This lesson explores culture, oppression, and colonialism by exploring Native American gender roles and how they differed from Spanish gender roles.
This lesson plan explores two-spirit traditions in some Native American cultures. Students will learn different perspectives on gender roles and gender expectations. They will contrast the beliefs and values within these traditions with those of early European immigrants.
While the battles of World War I primarily took part in Europe, the effects of the war reached around the world. Men, women, and children experienced the consequences of the conflict. Men volunteered or were conscripted into the military to fight on the battlefields. The success of each side’s military required not only manpower, but weapons, food, and supplies. These materials had to be produced at home or in the colonies, which required women to take on duties that were not considered feminine roles, such as working in factories and farming. Because entire societies were mobilized to support the war effort, World War I is considered a total war.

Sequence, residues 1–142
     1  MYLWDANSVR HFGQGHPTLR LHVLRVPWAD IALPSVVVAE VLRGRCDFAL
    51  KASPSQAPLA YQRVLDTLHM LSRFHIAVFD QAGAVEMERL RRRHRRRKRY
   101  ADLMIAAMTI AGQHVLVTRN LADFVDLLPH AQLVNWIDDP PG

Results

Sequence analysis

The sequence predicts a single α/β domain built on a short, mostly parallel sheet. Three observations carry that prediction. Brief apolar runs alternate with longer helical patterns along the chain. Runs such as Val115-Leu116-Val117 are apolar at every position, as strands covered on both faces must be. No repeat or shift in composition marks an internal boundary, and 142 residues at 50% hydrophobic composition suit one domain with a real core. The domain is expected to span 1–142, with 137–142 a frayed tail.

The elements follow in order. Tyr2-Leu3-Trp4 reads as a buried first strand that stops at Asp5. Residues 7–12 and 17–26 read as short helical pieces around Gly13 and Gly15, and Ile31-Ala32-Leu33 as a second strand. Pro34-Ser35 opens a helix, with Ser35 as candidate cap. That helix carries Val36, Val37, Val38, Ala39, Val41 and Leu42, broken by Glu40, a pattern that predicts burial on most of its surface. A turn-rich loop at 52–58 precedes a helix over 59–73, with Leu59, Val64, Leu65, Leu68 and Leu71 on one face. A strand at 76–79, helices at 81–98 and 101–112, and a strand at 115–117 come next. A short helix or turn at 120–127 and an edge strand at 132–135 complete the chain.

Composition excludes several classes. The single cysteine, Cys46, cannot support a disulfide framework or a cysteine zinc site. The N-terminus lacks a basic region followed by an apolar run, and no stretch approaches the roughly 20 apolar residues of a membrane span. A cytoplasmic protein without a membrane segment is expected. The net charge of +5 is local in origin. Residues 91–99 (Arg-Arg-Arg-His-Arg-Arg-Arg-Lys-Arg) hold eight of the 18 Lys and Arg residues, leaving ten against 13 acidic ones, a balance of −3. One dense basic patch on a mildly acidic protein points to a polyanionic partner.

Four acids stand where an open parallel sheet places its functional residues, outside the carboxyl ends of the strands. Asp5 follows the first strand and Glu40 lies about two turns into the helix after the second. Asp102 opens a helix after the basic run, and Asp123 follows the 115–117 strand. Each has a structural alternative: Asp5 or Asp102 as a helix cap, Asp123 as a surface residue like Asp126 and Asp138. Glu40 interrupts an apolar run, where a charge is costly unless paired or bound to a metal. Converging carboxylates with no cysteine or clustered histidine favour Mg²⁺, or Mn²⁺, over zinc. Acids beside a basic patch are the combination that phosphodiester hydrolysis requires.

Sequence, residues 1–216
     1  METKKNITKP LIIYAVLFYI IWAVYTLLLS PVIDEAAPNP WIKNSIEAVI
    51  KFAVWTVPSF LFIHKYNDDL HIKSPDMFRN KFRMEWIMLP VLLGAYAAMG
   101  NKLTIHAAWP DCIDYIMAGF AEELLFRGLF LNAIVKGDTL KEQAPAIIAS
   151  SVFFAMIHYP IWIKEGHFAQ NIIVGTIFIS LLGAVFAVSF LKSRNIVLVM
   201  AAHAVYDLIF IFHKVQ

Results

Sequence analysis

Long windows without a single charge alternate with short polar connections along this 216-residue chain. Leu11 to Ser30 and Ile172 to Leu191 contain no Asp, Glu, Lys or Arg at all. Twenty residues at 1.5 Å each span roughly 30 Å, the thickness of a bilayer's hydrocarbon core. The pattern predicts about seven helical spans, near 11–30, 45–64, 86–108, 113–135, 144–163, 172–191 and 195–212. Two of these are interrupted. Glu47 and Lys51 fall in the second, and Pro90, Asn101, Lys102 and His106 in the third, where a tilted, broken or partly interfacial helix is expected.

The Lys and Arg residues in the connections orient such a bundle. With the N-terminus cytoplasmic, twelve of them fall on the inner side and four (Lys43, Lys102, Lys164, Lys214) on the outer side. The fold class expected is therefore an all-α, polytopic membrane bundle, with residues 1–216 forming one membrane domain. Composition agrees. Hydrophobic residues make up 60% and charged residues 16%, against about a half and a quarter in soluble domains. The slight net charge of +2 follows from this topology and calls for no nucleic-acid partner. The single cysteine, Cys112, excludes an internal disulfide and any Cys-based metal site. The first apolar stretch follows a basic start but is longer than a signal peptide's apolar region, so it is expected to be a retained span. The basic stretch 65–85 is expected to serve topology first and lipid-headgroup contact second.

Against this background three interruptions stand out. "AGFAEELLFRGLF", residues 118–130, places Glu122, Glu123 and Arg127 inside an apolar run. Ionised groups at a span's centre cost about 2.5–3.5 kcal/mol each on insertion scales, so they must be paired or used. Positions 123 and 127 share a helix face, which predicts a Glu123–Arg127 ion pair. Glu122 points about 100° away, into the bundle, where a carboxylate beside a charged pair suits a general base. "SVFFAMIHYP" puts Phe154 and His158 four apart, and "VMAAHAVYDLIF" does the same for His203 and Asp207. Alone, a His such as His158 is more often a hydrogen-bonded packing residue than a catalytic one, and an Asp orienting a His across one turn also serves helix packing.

A Place in the Middle is the true story of Ho'onani, a remarkable eleven year old girl who dreams of leading the hula troupe at her inner-city Honolulu school. The only trouble is that the group is just for boys. She's fortunate that her teacher understands first-hand what it's like to be “in the middle” - the Native Hawaiian tradition of embracing both male and female spirit. As student and teacher prepare for a climactic end-of-year performance, together they set out to prove that what matters most is what’s inside a person’s heart and mind.
This lesson seeks to introduce students to different family models, specifically through comparing American and Native American culture. This lesson also seeks to define what it means to be Two Spirit and to discuss personal family narratives.